It seems that the prettying up is to be done by The Land Restoration Trust, which is both a charity (No 1138337) and a company, though for some reason, on its website it’s called The Land Trust. Its headquarters are in Warrington and it specialises in “open space for community benefit”, much of that open space seems to be reclaimed industrial land, especially in former coalfields.

The Land Restoration Trust was set up by the Coalfields and Joint Ventures Division of the now defunct English Partnerships, “the national regeneration agency for England”, which was succeeded in December 2008 by the Homes and Communities Agency, since re-named Homes England.

Clearly the Land Restoration Trust is an England-only body. Though the website has pages for Scotland and Wales both read: “We currently do not manage any sites in (Scotland/Wales) although we are working hard to do so. If you would like discuss any potential opportunities please contact our Business Development team.”

Despite having no sites in Wales Alison Whitehead, described as ‘Development Manager’, enjoys visiting sites in Wales! But then, Alison, as her Linkedin profile tells us, was ‘Development Manager for North of England and North Wales’.

On 31 January 2018 a reception was held for the ‘Land Trust’ at the Senedd. It was hosted by Vikki Howells the Labour AM for Cynon Valley. Here’s the report from the Land Restoration Trust website.

And below you’ll see what Howells put out on Facebook the following day. Note that she mentions “ownership and management options”. In fact, it had already been decided behind the scenes, and years ago, making the Senedd reception no more than a PR exercise.

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Vikki Howells is involved for no better reason than she’s the local AM, having been elected in 2016 because she was the donkey with the red rosette. Does she really understand what’s gone on at Tower and who owns what?

Though if Ms Howells was so keen to inform the Cynon Valley public then she should have explained why her administration has abrogated its responsibilities and rolled back devolution. And also explained why the profits from developing this local site will be leaving Wales.

The Tower opencast operation didn’t last for much more than six years, it employed few, and when repayment of loans, leasing and hiring are taken into account, it wasn’t that profitable, certainly not for Tower. The big beneficiary appears to have been Hargreaves Surface Mining Ltd, renamed Hargreaves Land Ltd in June 2018.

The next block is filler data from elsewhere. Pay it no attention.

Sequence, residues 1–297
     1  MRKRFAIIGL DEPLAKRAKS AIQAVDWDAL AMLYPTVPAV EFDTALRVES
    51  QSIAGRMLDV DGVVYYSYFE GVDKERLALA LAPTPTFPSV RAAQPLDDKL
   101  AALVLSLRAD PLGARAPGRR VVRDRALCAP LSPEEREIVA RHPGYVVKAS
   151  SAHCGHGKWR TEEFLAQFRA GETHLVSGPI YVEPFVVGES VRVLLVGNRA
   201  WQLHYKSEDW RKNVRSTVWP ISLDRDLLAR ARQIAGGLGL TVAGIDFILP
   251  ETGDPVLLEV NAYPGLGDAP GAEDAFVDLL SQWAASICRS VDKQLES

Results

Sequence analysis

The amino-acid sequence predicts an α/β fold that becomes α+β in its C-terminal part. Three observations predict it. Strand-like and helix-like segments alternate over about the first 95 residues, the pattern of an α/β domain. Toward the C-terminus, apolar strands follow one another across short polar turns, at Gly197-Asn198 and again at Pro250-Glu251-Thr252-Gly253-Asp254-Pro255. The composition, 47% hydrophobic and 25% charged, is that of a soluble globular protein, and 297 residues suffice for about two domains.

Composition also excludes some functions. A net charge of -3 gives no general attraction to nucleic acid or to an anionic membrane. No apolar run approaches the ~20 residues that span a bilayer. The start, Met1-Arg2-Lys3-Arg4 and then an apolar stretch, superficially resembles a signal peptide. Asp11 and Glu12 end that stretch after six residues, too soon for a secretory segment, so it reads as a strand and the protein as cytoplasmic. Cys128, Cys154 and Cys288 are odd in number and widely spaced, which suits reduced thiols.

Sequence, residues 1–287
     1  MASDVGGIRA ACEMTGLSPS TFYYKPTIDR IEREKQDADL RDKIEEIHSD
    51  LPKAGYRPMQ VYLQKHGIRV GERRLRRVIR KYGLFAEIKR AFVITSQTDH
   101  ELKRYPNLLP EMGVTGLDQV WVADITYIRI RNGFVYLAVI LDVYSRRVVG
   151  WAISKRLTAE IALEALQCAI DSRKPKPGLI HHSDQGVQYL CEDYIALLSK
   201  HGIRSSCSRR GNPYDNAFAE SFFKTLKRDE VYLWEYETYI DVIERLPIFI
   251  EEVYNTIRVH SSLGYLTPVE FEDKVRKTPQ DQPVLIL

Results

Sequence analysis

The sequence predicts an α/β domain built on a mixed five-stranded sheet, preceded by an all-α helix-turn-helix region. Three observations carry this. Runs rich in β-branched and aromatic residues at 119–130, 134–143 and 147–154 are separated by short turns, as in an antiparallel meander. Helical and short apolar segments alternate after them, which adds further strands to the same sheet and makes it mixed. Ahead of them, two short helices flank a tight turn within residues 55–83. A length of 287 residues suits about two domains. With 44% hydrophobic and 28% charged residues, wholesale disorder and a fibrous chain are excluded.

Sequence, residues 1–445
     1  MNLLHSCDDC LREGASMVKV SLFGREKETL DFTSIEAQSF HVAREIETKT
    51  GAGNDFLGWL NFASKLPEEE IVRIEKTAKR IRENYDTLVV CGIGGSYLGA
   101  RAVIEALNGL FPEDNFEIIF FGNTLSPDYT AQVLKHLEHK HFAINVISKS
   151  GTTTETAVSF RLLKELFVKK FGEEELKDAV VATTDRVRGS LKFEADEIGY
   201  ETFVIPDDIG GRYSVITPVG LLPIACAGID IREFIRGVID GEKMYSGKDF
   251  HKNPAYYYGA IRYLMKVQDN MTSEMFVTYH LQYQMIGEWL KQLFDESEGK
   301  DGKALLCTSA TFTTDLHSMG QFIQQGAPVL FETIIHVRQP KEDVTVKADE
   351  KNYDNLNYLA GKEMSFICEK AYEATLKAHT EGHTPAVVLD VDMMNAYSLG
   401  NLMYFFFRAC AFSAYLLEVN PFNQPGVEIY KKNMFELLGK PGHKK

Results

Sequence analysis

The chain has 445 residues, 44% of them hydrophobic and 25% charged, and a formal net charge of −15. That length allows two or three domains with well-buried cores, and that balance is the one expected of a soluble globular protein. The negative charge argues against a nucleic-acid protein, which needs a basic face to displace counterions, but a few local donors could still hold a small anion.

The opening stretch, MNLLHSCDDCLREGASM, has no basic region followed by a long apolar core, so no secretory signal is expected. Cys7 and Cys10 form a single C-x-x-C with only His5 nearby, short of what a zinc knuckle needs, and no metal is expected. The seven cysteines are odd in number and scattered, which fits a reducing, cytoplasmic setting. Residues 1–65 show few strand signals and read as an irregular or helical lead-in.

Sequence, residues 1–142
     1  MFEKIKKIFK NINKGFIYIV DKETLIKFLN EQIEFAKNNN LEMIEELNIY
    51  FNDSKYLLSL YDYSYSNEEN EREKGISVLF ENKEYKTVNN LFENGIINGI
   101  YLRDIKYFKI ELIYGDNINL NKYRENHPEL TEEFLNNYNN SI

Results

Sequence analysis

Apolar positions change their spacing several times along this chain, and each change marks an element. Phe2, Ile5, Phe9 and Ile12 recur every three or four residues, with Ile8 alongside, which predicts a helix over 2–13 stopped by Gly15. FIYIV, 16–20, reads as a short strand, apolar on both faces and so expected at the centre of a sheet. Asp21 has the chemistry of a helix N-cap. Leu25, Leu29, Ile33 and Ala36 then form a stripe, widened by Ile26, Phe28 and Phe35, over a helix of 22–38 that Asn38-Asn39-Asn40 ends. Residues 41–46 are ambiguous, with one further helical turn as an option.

(It should go without saying that Kevin James Stewart Dougan ceased to be a director of Hargreaves Land on 1 December 2017. What is the significance of that date?)

Hargreaves Surface Mining was set up in October 2011, just before opencast mining began at Tower. The timing is no coincidence. Hargreaves Surface Mining Ltd joined a host of new companies that had been created in north east England to make big bucks out of a mining operation in Wales.

An operation that put little money into the local economy but enriched strangers. It also served the purpose of being the necessary precursor to the second stage of the project that will inherit a large tract of land together with millions of pounds to landscape and redevelop it.

Who knows what will be done on the old Tower opencast site. Housing? A leisure resort such as we see not far away in the Afan Valley? One thing I predict with certainty – as with the opencast site, the profits will leave Wales.

Vikki Howells seems to envision the development at Tower linking with the Rhondda Tunnel . . . owned by Highways England!

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Or maybe it’ll be more wind turbines, for while they generate little or no electricity they certainly produce massive incomes for those who operate them, and the landowners involved. 

It’s difficult to believe that all this is happening after twenty years of devolution. But as I’ve argued many times, devolution is a sham, a façade; and behind that façade Wales is being ripped off and inexorably assimilated into England.

This assimilation along with the exploitation we see at Hendy and Mynydd y Gwair, Bodnant and Tower, is being facilitated by socialists, and the Labour Party, doing what they always do – selling Wales down the river.

GREEN PARTY OF ENGLANDANDWALES

Earlier this year members of the self-styled ‘Wales Green Party’ voted against becoming a Wales Green Party, choosing to remain part of the Green Party of Englandandwales and calling themselves The Green Party in Wales. Whereupon the party ‘leader’ defected to Plaid Cymru.

The confusion that resulted may be reflected in the fact that the party website seems to have been abandoned, with nothing posted since 10 July.

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Yet despite all the recent tribulations this Green Party of England in Wales is currently holding a leadership election. Yes, that’s a leadership contest to a non-existent party! Among those standing is Anthony Slaughter.

So who is he? Well, it should go without saying that he’s not Welsh. He lives in Penarth and seems to have a high regard for himself, adopting that tone of moral and intellectual superiority that so endears the Greens to me.